Saturday, October 6, 2012


             The constant smell of smoke from the wildfires has been replaced by an aroma that is quite familiar in our rural area--the bouquet of wood stoves burning.  Because  we can, a large number of us heat our homes with wood heat.  For years now, the most familiar sounds of the new day--from October to early April anyway--are the sounds of Dad/Grandpa stoking up the stoves with wood.  The squeak of the stove door handle, the crack of the ax making kindling, the rustle of newspapers remind we grasshoppers that there's activity afoot.  While our ant labors away, we enjoy the luxury of lying in bed under our warm covers until we hear the crackle of the fire and Dad's "Time to get up."  Too cruel--that reminder that we all have promises to keep when the warmth filling the room is sometimes more of an invitation to snuggle down and go back to sleep. 
            We're ready for the little slower pace of Fall.  I've decorated the house:

Tom's fillings the wood bins with wood and other necessities:
We're adding to our food supply, and I've even finished a few quilts that could be used:
This quilt is one I've mentioned a time or two on my blog.  It's a birthday quilt for Tom.  I started it exactly a year ago and just completed the handquilting recently.  It's a beautiful quilt; I'm proud of it.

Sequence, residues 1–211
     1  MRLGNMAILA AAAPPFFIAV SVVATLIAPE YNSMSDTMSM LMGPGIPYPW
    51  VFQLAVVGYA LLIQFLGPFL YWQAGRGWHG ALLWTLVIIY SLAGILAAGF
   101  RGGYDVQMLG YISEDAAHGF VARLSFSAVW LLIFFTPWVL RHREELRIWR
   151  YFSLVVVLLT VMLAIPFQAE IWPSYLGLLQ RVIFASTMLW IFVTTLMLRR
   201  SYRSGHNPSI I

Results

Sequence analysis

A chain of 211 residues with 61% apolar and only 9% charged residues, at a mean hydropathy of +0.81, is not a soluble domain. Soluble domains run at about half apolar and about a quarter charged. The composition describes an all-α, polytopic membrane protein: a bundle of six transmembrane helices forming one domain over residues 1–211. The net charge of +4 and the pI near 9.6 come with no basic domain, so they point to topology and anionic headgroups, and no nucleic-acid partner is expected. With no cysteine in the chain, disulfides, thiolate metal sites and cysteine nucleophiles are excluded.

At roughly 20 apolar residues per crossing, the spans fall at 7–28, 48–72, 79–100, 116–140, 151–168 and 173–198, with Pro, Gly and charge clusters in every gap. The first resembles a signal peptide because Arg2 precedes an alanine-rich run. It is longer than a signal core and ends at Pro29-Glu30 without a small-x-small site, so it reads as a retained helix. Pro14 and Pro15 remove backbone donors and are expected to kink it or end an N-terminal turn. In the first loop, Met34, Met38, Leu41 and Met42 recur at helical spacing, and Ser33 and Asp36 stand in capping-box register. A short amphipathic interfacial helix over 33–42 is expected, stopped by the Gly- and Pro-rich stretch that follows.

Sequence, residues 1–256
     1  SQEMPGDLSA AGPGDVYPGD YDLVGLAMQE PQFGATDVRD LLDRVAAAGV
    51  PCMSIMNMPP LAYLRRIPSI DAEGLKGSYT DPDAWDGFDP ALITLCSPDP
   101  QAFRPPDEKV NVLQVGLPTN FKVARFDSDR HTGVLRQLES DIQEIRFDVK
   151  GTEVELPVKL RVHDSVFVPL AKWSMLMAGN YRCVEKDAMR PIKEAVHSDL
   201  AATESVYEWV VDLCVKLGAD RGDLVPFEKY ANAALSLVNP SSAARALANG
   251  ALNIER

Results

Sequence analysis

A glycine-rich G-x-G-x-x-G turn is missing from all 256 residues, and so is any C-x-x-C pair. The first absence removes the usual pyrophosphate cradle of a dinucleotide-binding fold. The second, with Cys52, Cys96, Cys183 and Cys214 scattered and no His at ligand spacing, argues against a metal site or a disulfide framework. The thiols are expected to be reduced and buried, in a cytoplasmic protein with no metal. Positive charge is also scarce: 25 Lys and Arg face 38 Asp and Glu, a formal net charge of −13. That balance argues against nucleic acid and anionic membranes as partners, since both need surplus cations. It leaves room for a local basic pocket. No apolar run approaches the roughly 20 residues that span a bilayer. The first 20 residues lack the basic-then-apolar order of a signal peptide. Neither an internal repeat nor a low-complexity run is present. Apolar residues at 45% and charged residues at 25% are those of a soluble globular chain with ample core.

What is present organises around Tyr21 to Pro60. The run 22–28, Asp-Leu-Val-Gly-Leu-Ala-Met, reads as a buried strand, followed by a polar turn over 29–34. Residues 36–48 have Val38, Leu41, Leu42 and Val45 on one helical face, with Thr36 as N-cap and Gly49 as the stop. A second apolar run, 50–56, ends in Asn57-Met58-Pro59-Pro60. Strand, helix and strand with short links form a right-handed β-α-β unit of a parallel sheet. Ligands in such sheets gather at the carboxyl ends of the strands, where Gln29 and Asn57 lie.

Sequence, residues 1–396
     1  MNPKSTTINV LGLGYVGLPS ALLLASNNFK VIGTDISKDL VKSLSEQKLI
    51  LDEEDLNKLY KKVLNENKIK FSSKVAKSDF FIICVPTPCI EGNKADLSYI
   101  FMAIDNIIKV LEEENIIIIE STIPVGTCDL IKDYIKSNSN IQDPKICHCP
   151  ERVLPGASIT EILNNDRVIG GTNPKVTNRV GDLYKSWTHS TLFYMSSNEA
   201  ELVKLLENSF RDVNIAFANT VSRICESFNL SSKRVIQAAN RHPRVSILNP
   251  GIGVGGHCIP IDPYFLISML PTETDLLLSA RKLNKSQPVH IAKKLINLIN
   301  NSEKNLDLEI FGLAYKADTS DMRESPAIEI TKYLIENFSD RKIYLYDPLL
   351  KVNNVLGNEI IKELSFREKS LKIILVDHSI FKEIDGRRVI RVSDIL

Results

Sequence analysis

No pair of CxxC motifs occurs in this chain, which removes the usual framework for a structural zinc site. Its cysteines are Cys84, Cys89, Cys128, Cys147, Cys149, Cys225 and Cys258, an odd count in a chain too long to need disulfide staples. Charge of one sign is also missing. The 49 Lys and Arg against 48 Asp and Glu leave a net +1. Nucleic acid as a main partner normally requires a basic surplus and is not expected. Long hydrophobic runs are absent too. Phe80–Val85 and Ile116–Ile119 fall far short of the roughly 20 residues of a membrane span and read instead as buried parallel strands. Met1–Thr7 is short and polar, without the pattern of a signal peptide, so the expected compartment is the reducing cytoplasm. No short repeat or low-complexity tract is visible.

You can see by the edge of our current comforter hanging below that new quilt that I've created a problem for myself..nothing in this bedroom matches the new quilt.  I need to re-decorate the bedroom....
                Vale is doing well with his driving.  Recently, on our way to school, we had this conversation:
                 Me:  (As I eased out past a stop sign to check traffic):  "You do know about stopping behind the white line, right?"
                 Vale: (Patiently):  "Yes, I do, Grandma."
                  Me:  "Did you know that once you've stopped, you can ease out a little further so you can get into a better position to turn as long as there's no traffic?"
                 Vale:  (A little less patiently): "Yes, I do, Grandma."
                  Me: (Slightly miffed):  "I don't know what you do know, Vale, so I try to give you some information."
                 Vale:  (With an impish chuckle):  "Grandma, I'm sixteen.  I know everything."

Life is good, says the Grasshopper Grandma.  Hope you're preparing too.  "They" say it's going to be a harsh winter.  Love to All.

Isn't it strange how princes and kings,
and clowns that caper in sawdust rings,
and common people, like you and me,
are builders for eternity?

Each is given a list of rules;
a shapeless mass; a bag of tools.
And each must fashion, ere life is flown,
A stumbling block, or a Stepping-Stone.

by R. Lee Sharpe



Laurel said...

Your quilt truly is beautiful. Congrats on finishing it and decorate away :)

Susan said...

I miss all those warm, comforting sounds of Fall in the Motherland. There's not a more beautiful time of the year or a more beautiful place to experience it. Enjoy it for me!